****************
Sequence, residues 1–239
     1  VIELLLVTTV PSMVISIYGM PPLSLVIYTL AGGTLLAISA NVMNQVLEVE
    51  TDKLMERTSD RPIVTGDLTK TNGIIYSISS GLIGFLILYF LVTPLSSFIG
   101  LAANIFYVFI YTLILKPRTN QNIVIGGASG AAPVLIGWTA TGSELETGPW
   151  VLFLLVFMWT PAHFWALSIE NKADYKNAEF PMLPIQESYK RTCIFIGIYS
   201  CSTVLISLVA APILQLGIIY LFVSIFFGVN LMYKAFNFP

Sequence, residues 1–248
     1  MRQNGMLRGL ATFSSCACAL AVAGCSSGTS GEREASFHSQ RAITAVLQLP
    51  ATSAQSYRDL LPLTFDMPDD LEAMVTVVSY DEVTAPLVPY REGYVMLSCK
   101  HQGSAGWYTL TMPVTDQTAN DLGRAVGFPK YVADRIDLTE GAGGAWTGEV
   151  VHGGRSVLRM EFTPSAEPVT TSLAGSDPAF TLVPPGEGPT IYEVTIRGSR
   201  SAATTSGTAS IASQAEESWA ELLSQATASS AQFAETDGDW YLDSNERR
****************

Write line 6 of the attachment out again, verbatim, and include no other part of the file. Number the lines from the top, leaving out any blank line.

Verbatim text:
   201  CSTVLISLVA APILQLGIIY LFVSIFFGVN LMYKAFNFP